The Envoironmental Impact of Re-Refining Used Motor Oil including the status of recycled oil in the US can be accessed by clicking here.

Motor oil is a unique substance. You can abuse it at high temperatures for months in car and truck engines and it can then be collected and re-refined to its previous purity.

Fact: you can clean used oil through re-refining and re-use it indefinitely. Though a percentage is lost every time it is used, motor oil can be cleaned and re-used virtually forever. Every quart of motor oil that is re-used is a quart of oil that doesn’t have to acquired from overseas – often from people that don’t particularly care for Americans.

Motor oil that is discarded on the ground or burned is lost forever. Thankfully, most Americans have become environmentally responsible by getting their used motor oil (UMO) to a recycling center – both due to recent federally mandated regulations as well as the proliferation of easy oil-changes.

What happens when UMO goes to the recycling center? For example, when you take your car to almost any commercial establishment in the US to get your oil changed, UMO is collected for recycling. It's a feeling of satisfaction, especially for those who changed their own motor oil earlier in life when there weren't very many outlets for recycling it.

Now one might conclude that the recycler is cleaning the UMO, re-refining it and returning it for use in automobiles – but not so. Only a small percentage is every re-refined. A much larger percentage is delivered to industries that burn it for fuel. Quite a large number of ocean-going ships burn UMO for fuel. The ships call it “bunker fuel”.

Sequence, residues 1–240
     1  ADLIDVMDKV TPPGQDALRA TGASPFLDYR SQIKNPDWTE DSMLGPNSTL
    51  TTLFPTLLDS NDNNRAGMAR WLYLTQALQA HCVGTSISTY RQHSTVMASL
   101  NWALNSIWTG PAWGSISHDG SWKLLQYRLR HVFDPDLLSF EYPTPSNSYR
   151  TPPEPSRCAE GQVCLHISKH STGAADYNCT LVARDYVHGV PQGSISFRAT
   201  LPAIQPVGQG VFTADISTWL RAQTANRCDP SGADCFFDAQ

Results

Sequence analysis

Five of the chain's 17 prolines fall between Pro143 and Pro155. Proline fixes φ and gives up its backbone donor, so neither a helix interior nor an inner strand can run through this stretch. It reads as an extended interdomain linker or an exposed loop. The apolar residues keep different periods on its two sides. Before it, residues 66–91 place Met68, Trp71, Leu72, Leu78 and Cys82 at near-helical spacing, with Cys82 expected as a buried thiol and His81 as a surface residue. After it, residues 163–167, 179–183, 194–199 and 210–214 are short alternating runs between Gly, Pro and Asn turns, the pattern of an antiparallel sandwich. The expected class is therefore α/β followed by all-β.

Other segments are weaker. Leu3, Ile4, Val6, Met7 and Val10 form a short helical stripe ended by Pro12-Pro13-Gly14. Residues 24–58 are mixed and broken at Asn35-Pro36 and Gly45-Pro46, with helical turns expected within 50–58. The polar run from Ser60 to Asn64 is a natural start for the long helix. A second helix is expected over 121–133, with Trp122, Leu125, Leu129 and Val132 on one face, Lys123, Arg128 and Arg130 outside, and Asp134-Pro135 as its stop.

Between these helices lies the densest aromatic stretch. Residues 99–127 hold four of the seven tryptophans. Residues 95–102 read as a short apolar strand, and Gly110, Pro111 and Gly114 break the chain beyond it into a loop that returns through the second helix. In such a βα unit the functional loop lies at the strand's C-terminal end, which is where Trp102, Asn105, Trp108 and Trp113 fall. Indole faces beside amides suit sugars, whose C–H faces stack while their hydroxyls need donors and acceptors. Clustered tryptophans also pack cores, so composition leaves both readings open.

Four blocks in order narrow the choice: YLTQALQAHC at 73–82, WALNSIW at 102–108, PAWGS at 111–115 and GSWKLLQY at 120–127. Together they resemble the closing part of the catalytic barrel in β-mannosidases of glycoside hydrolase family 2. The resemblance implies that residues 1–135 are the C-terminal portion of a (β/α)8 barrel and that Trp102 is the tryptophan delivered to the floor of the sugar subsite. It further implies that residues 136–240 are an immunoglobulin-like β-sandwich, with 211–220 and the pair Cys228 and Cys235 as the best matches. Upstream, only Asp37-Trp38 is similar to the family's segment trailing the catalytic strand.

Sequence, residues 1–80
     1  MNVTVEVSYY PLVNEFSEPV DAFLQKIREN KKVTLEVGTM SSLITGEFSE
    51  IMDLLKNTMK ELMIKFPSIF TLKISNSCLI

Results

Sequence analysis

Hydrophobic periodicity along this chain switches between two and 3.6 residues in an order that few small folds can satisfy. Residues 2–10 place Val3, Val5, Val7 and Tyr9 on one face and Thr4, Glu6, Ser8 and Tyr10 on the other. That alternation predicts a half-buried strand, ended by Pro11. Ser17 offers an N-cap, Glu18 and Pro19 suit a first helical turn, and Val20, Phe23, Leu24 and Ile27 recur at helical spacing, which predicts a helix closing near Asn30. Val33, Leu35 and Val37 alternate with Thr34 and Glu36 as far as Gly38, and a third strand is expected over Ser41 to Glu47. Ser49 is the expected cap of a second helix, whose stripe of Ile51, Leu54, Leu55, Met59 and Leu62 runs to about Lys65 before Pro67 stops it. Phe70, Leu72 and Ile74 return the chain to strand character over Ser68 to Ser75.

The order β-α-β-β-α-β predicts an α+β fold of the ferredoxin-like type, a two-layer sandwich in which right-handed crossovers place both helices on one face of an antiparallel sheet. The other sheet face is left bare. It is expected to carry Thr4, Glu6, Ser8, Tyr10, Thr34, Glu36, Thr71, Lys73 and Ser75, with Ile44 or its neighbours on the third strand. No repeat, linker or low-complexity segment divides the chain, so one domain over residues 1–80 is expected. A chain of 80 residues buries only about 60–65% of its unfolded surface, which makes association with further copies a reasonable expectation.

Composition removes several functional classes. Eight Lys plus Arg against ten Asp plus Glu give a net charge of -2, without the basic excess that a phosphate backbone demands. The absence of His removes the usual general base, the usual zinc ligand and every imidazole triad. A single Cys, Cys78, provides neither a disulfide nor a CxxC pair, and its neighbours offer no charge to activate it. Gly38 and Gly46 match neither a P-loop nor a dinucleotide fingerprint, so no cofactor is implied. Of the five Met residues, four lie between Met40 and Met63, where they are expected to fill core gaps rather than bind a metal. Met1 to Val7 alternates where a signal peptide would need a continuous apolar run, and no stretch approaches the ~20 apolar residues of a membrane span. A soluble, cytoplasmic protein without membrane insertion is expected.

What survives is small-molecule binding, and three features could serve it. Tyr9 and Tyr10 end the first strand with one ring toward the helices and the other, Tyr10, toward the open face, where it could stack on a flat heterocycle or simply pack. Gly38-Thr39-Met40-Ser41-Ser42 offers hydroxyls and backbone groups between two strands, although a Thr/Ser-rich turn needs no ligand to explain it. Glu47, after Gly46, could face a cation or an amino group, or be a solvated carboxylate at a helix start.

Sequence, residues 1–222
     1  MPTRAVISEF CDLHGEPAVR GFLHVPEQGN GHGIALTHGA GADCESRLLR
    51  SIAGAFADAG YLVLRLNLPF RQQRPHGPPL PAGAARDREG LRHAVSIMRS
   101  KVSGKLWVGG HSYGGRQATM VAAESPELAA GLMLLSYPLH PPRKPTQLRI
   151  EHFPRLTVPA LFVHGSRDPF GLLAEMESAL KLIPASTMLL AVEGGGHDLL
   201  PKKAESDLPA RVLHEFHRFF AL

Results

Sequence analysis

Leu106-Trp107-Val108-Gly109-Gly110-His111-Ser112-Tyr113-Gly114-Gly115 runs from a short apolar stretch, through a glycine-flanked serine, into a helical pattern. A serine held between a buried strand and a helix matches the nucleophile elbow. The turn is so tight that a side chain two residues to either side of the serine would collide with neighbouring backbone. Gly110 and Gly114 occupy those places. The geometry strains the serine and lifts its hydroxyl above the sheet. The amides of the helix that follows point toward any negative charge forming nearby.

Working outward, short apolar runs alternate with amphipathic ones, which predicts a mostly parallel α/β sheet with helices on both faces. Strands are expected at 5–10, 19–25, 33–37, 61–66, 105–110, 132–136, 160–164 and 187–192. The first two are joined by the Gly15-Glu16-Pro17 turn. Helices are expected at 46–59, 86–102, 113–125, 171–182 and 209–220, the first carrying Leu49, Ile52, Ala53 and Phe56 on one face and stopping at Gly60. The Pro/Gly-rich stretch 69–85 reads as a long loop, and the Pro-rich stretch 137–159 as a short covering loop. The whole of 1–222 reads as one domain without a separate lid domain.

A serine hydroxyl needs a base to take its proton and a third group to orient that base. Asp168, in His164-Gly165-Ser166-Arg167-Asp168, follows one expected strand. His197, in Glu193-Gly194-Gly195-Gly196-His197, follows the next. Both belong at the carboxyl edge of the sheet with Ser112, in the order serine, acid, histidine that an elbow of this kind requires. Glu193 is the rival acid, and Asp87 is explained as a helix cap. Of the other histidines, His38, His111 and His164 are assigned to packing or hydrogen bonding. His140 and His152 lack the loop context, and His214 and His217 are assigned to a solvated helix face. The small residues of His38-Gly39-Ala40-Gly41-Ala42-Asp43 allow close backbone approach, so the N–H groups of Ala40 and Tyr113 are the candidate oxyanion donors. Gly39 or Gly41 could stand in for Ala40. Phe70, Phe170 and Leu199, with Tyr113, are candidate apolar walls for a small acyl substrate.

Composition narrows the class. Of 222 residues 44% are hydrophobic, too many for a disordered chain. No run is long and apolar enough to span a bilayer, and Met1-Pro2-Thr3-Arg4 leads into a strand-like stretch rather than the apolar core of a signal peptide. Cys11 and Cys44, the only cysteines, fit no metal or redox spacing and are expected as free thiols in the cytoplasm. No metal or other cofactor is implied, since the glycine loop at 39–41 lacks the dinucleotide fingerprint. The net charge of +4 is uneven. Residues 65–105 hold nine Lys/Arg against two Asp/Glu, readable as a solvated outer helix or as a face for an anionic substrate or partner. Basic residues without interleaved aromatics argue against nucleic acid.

Bunker fuel burned by ships is 1,000 times dirtier than highway diesel used by trucks and buses. Remember those pictures of Kuwait on fire in the first gulf war? Well that kind of pollution is pouring out of the ships smokestacks. Click here for more information.

  • A single cruise liner or cargo ship can emit as much pollution as 350,000 cars.
  • The majority of the world's ocean going commercial shipping fleets – approximately 90,000 ships – are responsible for a sixth of all worldwide nitrogen oxide pollution. They are pumping incredible amounts of sulfur into our atmosphere.
  • Many ports require ships to sail miles offshore before the ships begin burning this dirty fuel. While that may make it better to breathe in those port cities the same pollutants are still being pumped out into the atmosphere at sea.
  • If all recovered UMO were recycled it would represent 19.6 million bbls of oil/yr; equivalent to more than 1 full day's consumption in the US. 
  • All the UMO in the US could be re-refined with the construction of approximately 30 re-refineries at a cost of nearly $1.8 billion (estimate).

It is immediately apparent that no single re-refinery can do what is needed to combat the pollution of the earth’s atmosphere by the burning and destruction of UMO. Therefore a much larger scale approach is required by the US government and the governments of the world. Since a great majority of the world’s fleet docks in US ports on their sojourns, this could be addressed through immediate action. If ships were not allowed to fill up their bunker tanks with UMO while in American ports, it would decrease the loss of this precious substance by a sizable percentage. It would also decrease the world’s pollution by a noticeable amount.

Ironically, consider this: millions of people driving their cars out of Jiffy Lube, Grease Monkey, etc. believe that they have recycled their motor oil when in fact they have just destroyed the very same oil that came out of their car, causing even greater pollution by its burning as bunker fuel.

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